Israel blocks Gaza women from breast cancer treatment

Cancer patients take part in a rally to raise awareness about Breast Cancer in Gaza City on 26 October.

Mohammed Asad APA images

Khuloud Abu Qamar spoke quietly but her words still shocked. “Israel is killing me slowly,” she said. “And it is killing my children, too.”

After undergoing surgery for breast cancer last year, Abu Qamar requires further treatment which she has not been able to receive in Gaza. She has asked Israel for permission to travel. Her applications have so far been rejected. Aged 40, she has six children, the youngest of whom is still a baby.

Her plight is shared by many others in Gaza. Estimates from the local health ministry indicate that several hundred women with breast cancer have been obstructed from traveling by Israel so far this year.

Leaving Gaza for treatment is vital as the coastal strip’s hospitals are not properly equipped to provide such services as radiotherapy.

As part of the state’s propaganda, Israel has portrayed itself as a global leader in cancer treatment and research. To promote breast cancer awareness in October, the Israeli Air Force painted its warplanes pink.

The gimmick gave no comfort to women in Gaza.

“I don’t want to die”

Alaa Masoud, a 25-year-old mother living in Jabaliya refugee camp, has also been diagnosed with breast cancer. She recently had her right breast removed at al-Shifa hospital in Gaza City.

Her doctors have stated that she now needs to see specialists working in Israel or the West Bank. So far, she has made five requests for permission to travel through Erez, the Israeli military checkpoint on Gaza’s northern boundary. All five of her requests have been rejected.

The refusal has exacerbated her suffering. Her cancer and surgery forced her to stop breastfeeding her baby Amir.

“I don’t want to die,” she said. “I want to see my baby grow up to be a lovely young man.”

Traveling through Erez is practically the only option for Gaza residents requiring treatment that they cannot receive in the strip’s hospitals and clinics.

Until recently, many patients had been referred to hospitals in Egypt. Yet the almost constant closure of the Rafah crossing between Gaza and Egypt has led to a sharp decline in the number of Palestinians being treated in Egypt.

Human rights groups have long documented how Israel has, in effect, sought to blackmail Palestinians who are seriously ill. Patients have been told that they will only be allowed to travel for treatment if they become informers to the Shin Bet, Israel’s domestic intelligence agency.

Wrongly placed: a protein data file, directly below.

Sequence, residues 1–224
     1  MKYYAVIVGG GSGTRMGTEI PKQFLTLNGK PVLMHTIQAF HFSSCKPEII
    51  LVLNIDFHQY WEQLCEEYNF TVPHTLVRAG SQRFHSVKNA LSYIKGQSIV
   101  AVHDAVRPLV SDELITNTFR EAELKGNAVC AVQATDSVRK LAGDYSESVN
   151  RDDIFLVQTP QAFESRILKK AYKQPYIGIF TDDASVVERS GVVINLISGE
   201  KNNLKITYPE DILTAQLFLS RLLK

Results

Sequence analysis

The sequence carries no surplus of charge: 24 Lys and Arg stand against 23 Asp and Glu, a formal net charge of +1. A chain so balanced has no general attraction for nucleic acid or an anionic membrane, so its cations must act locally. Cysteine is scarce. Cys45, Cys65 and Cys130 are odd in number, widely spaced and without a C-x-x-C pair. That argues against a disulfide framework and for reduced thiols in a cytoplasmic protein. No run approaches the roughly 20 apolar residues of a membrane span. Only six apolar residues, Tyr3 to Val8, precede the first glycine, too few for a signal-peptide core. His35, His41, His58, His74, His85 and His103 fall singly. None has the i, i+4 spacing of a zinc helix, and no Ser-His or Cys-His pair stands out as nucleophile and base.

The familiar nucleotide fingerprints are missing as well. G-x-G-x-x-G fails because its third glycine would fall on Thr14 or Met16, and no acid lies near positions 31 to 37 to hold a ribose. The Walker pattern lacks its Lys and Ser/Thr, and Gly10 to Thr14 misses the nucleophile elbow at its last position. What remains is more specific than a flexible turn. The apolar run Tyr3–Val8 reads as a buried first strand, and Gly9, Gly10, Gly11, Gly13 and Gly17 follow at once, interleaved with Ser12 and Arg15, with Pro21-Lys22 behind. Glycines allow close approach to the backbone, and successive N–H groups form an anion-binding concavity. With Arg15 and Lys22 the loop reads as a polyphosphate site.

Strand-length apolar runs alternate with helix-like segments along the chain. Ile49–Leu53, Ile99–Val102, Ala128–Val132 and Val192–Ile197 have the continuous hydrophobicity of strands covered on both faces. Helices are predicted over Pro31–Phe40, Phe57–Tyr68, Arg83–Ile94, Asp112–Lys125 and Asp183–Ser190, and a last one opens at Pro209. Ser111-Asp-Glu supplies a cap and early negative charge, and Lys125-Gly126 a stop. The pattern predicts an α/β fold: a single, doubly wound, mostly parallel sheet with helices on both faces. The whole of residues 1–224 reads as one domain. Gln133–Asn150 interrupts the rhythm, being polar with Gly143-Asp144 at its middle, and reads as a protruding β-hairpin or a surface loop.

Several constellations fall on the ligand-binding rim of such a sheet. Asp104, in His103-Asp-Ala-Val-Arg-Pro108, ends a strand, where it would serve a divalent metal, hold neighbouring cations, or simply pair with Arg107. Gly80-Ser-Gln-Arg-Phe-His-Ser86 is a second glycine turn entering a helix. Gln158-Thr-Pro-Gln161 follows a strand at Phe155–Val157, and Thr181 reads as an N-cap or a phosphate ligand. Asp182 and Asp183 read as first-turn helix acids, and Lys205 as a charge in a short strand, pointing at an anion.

Dalia Abu Skhaila, a 34-year-old breast cancer patient from the southern Khan Younis area of Gaza, said that Israeli officers at Erez have tried to recruit her as an informer on a number of occasions. Because she has refused to accept that condition, she has been blocked from traveling.

“Dying in Gaza is much easier than betraying my people and country,” she said.


Despite the barriers that Israel has placed on treatment, health workers in Gaza are striving to increase awareness of breast cancer.

According to Khaled Thabet, who heads the oncology department at al-Shifa hospital, one of the main challenges faced is that breast cancer is frequently at an advanced stage when it is detected, making treatment difficult. To aid early detection, he and other doctors are encouraging women to undergo tests for breast cancer.

“There is a lack of an inspection culture,” he said.

Hala al-Talmas, a 35-year-old from Jabaliya camp, was reluctant to have a check-up when she began experiencing slight pains in her right breast, particularly at night time.

A friend in whom she confided urged her to see a doctor. Yet Hala avoided doing so until a couple of months later. After the pains became more severe, she noticed a small lump inside her breast.

Hala told her mother, Hania, about the lump and visited al-Shifa. The staff there found that she had a pea-sized tumor in her breast. She was diagnosed with cancer.

When a doctor asked Hala why she had waited so long, she replied that she had been afraid.

With the help of her extended family, she managed to raise enough money for an operation. Her breast was removed.

Hala started chemotherapy following the operation. After just a few weeks of that treatment, she had a stroke and died.

“I wish my daughter had been more aware and that she had visited a doctor in the early stages of her disease,” said Hania, Hala’s mother.

Medicine under siege

Breast cancer is a leading cause of death among women in Gaza, according to the health ministry. Almost 750 cases of breast cancer were detected in 2015.

The Gaza authorities run classes to educate women about breast cancer.

The Electronic Intifada asked a sample of 200 women in Gaza if they had attended classes. About 90 percent of the women – aged from 25 to 65 – responded that they had not.

“I have a fear of such lessons and I keep myself away from them,” said Doaa al-Shami, a 31-year-old. “I have attended just one class since I got married.”

Gaza’s health authorities are struggling to cope with the effects of the siege that Israel has imposed on the territory for almost a decade.

Hospital machinery has often been blocked from entering Gaza. Vital medicines are in short supply.

“The problems facing the health ministry here are obvious,” Ahmed El Shorafa, head of the oncology department at the European Hospital in Rafah, a town in southern Gaza, said.

“They are caused by the shortages in money and equipment. We need more medical centers and more staff to provide health education in all parts of Gaza.”

Sarah Algherbawi is a freelance writer and translator from Gaza.